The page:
Increasing Skirt Size Points to Postmenopausal Breast Cancer Risk

Change in skirt size signals postmenopausal breast cancer risk

medwireNews: Going up a skirt size in early adulthood is a good indicator of the increased risk of postmenopausal cancer associated with adiposity, say UK researchers who believe the measurement can act as a proxy for waist circumference.

Each increase in self-reported skirt size per decade between the age of 25 years and postmenopausal age was associated with a 33% increase in the risk of postmenopausal breast cancer, reports the team in BMJ Open.

This risk was calculated after adjusting for a raft of confounding factors, including age at menarche and menopause, history of hormone use, family history of breast and ovarian cancer, education, alcohol consumption and smoking habits.

Conversely, the data from 92,834 participants of the UK Collaborative Trial of Ovarian Cancer Screening indicate that each reduction in self-reported skirt size per decade conferred a 33% reduction in the risk of postmenopausal breast cancer, although skirt size increased for 76% of participants over the study period.

“These findings may provide women with a simple and easy to understand message given that [skirt size] has been found to be a reliable measure for changes in waist circumference and one that women may relate and understand better in comparison to other adiposity measures such as [body mass index]”, write Usha Menon, from University College London, and co-authors.

Change in skirt size continued to predict postmenopausal breast cancer risk after adjusting for other measures of adiposity such as body mass index or skirt size on entry to the study.

In all, 1.2% of women in the study developed postmenopausal breast cancer over a median of 3.19 years of follow-up. The researchers calculated that a unit increase in skirt size per decade was associated with an increase in the 5-year absolute risk of postmenopausal breast cancer from 1.63% to 2.14%.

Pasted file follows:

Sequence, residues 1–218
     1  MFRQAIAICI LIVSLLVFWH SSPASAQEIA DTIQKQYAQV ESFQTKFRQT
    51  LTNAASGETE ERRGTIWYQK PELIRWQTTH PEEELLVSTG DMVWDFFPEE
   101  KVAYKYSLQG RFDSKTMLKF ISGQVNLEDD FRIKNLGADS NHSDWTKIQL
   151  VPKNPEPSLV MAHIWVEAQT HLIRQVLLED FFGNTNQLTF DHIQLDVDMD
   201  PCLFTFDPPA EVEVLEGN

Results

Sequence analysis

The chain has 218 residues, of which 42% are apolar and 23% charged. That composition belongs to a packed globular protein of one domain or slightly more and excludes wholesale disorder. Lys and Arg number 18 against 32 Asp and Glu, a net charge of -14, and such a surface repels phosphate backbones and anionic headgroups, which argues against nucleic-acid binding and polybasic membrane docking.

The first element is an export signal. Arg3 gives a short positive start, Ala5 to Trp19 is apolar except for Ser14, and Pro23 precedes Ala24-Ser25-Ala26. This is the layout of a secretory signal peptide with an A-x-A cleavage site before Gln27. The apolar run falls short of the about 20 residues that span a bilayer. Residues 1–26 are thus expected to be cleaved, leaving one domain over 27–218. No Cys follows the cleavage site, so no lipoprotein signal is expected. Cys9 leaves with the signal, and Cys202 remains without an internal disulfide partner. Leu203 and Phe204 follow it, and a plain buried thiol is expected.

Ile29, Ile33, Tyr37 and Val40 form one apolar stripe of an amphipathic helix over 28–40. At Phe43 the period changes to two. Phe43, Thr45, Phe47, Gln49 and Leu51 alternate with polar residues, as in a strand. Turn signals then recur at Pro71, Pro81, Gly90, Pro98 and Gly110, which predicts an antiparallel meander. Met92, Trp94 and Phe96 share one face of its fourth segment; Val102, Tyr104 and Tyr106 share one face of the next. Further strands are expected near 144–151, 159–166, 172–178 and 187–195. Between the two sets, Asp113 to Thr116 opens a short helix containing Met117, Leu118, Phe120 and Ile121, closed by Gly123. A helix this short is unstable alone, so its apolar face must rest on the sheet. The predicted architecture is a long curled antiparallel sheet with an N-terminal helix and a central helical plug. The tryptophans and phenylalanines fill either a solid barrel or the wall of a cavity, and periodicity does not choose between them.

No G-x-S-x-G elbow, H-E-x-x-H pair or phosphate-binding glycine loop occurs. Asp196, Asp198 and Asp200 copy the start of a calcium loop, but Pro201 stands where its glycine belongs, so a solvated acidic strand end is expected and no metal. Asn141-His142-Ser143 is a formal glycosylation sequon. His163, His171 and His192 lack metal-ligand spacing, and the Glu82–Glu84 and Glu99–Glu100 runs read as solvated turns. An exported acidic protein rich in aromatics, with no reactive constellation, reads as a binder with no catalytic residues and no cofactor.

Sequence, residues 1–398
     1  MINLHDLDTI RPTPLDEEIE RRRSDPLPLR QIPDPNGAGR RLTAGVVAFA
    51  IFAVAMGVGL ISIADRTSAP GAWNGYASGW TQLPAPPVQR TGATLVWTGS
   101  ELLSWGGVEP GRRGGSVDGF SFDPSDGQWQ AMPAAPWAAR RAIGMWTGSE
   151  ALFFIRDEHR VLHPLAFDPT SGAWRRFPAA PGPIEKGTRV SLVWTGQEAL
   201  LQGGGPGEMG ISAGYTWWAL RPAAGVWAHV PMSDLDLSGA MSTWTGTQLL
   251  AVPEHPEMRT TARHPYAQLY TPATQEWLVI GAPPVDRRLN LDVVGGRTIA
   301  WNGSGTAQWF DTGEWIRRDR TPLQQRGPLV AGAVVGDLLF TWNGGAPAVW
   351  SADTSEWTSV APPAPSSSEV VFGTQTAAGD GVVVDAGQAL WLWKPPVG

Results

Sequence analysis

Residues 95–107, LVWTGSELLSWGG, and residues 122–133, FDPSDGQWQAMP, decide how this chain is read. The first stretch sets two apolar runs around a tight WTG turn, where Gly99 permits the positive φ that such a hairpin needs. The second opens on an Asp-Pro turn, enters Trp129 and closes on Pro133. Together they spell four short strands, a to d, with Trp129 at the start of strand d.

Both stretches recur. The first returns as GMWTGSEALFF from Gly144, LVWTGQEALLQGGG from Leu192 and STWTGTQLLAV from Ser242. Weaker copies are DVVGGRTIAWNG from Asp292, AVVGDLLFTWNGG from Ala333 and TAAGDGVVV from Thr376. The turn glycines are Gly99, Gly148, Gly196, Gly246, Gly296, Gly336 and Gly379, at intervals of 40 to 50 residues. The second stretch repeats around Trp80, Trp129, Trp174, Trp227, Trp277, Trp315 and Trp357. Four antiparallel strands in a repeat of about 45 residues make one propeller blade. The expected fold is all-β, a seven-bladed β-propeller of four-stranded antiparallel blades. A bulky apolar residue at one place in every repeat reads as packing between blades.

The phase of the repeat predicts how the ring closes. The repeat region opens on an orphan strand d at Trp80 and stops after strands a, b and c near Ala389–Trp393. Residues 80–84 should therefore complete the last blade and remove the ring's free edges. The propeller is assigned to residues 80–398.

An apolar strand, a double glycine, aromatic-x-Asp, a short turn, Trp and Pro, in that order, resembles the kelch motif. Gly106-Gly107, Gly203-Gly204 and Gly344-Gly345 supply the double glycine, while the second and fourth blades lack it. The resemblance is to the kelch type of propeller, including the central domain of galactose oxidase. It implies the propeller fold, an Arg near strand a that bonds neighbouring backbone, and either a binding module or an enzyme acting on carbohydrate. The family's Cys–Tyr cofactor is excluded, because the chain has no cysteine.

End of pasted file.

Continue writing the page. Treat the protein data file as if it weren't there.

Usha Menon and co-authors admit that the study may be limited by recall bias of skirt size at age 25 but say that such an error would lead researchers to underestimate the strength of the relationship between change in skirt size and breast cancer risk.

“Although the exact mechanism of these relationships need[s] to be better understood, there is a suggestion that body fat around the waist is more metabolically active than adipose tissue elsewhere”, the team concludes.

“Obesity is known to increase oestrogen levels as a result of aromatisation of androstenedione in adipose tissue as well as affect insulin resistance and chronic inflammation, well known factors shown to increase breast cancer risk.”

Reference

Fourkala E-O, BGurnell M, Cox C, et al. Association of skirt size and postmenopausal breast cancer risk in older women: a cohort study within the UK Collaborative Trial of Ovarian Cancer Screening (UKCTOCS). BMJ Open 2014;4:e005400. doi:10.1136/bmjopen-2014- 005400

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